|Program: Developing Agribusiness Case Studies in Kenya|
GBSN, United States International University (USIU) and Michigan State University worked together to improve the management and leadership capacity of small scale agribusiness entrepreneurs through training to improve the quality and increase the productivity of the agricultural sector and thereby contribute to food security in Kenya.
Funding was provided by the Bill and Melinda Gates Foundation.
The project's goal was to design and deliver a certificate program for smallholder agribusiness entrepreneurs by developing relevant training materials in the form of course modules and case studies that focus on specific agriculture, business, finance, organizational effectiveness and entrepreneurial skills.
USIU trained sixty agribusiness entrepreneurs drawn from all over Kenya, 50% of whom are women, over a period of 8 months within the project period of 18 months. The project had an on-going monitoring and evaluation component that focused on both the program and the graduates. The program provided wrap-around services to alumni through mentoring, counseling, and networking. Training was through the Center of Excellence in Entrepreneurship Development (CEED) at USIU.
GBSN worked with USIU faculty to develop 12 new locally relevant case studies for the new course. GBSN’s role was to provide quality assurance of the case studies by overseeing a mentoring program for each of the case writers. A workshop in Nairobi, Kenya kicked off the case-writing, bringing together mentors and casewriters for a focused start to the process.
Twelve local agribusiness firms were identified by USIU to serve as the case protagonists, ranging from dairy farmers to food processors to fertilizers providers. Many of the protagonists joined the faculty at the workshop and had the opportunity to sit through a case discussion led by USIU's Professor Charles Mayaka. This allowed them to experience the power of the case study as a teaching tool, and helped them understand the importance of providing information to the case writing faculty in order to result in successful case studies.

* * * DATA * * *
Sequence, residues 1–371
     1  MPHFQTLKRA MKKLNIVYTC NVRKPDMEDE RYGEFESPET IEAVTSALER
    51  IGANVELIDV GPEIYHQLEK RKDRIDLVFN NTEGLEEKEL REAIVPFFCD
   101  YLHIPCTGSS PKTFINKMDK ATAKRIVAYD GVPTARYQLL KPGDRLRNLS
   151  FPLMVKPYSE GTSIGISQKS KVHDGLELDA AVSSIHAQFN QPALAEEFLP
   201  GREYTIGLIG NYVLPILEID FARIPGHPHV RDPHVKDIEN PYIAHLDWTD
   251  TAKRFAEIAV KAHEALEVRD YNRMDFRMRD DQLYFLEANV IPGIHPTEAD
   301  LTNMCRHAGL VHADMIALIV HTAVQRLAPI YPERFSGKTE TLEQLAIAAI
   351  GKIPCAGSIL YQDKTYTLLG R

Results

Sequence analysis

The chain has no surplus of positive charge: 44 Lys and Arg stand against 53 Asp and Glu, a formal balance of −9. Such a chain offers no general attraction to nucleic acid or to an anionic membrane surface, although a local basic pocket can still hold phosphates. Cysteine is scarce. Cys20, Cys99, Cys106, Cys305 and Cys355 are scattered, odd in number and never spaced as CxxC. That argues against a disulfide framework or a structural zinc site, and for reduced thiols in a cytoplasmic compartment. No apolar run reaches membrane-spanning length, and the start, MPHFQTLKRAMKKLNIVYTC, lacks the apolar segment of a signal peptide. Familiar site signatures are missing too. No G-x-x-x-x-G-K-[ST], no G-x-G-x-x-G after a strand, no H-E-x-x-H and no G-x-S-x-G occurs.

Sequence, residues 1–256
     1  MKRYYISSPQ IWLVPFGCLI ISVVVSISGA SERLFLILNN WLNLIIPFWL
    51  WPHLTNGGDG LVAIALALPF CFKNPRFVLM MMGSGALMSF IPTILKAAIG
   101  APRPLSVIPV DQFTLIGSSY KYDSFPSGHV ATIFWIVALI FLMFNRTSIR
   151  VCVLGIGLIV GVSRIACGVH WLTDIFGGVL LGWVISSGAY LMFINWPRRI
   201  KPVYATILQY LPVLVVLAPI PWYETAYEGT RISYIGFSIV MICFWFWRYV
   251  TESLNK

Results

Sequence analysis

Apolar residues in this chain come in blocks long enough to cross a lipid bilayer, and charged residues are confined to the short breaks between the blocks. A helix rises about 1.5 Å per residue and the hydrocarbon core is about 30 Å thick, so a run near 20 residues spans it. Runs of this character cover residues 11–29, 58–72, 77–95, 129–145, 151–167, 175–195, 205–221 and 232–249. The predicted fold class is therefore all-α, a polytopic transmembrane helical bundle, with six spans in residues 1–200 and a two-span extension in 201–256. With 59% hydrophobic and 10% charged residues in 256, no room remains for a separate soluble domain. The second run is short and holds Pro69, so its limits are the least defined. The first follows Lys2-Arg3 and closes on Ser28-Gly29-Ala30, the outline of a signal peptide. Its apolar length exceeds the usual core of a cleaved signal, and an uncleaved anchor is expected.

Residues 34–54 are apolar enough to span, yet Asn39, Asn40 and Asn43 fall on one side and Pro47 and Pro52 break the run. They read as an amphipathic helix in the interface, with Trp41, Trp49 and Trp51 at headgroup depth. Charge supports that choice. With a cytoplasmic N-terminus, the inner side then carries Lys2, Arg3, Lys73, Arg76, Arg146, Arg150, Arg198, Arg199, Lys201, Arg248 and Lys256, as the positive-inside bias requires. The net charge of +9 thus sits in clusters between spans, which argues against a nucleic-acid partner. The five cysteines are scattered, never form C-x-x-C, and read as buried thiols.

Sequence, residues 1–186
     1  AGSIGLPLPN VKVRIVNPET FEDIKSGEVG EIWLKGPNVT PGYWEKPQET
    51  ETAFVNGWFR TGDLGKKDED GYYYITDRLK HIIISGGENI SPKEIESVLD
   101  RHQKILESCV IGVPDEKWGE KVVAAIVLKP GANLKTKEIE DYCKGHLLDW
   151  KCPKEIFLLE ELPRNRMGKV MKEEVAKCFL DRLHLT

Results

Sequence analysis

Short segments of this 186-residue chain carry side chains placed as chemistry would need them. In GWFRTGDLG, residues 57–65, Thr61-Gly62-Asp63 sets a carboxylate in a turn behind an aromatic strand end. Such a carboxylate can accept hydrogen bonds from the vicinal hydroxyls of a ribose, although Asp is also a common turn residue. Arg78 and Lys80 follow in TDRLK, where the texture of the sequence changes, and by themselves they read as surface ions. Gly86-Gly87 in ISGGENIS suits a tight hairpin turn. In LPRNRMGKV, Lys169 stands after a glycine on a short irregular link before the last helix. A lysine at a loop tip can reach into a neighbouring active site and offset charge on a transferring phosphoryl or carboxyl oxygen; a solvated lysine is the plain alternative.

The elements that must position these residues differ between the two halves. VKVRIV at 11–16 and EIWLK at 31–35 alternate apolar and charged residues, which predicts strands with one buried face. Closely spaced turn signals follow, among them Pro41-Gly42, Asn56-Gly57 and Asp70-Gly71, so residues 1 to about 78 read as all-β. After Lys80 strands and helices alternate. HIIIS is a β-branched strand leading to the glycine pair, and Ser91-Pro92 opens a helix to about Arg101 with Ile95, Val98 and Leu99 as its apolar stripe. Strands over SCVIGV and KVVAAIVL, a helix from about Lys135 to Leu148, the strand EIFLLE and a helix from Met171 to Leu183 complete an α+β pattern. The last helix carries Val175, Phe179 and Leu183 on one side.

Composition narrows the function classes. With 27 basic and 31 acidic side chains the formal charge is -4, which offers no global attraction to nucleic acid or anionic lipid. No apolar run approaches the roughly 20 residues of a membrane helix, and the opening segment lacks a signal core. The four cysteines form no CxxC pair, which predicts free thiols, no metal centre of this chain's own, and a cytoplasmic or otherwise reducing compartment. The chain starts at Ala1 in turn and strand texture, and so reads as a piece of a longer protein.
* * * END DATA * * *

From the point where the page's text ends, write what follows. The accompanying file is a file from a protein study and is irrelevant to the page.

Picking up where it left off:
Following the workshop and visit in Nairobi, GBSN faculty mentors have been working with USIU faculty via email and phone calls to provide mentoring support and quality assurance to the case writing process. The twelve case studies developed were used in the twelve modules of the new program launched in early 2012. They will also be made available to other business schools interested in teaching in the field of agribusiness and will be added to the collective resources of GBSN in order to promote the use of locally developed materials for the developing world.
Agriculture is the single most important sector in the Kenyan economy, contributing approximately 25% of the GDP, and employing 75% of the national labor force (Republic of Kenya, 2008). Over 80% of the Kenyan population which currently stands at 38,000,000 live in the rural areas and derive their livelihoods, directly or indirectly from agriculture. The rural labor force (over 51%) is engaged in small-scale agriculture where women are the majority in the sector (UNDP 2008). It is therefore critical that smallholder farmers be developed from subsistence farming into a vibrant commercial sector.
Meaningful inclusion of small-scale farmers in commercial production hinges on an informed understanding of policies in the agricultural sector, market chain actors and the nature and management of risk in these markets. Building leadership and management skills of smallholder agribusiness entrepreneurs will create an enabling environment for their businesses to thrive, thereby improving their lives and livelihoods, and ultimately contribute towards the long term reduction of poverty and hunger through an empowering process.
 Kenya Census report September 2010
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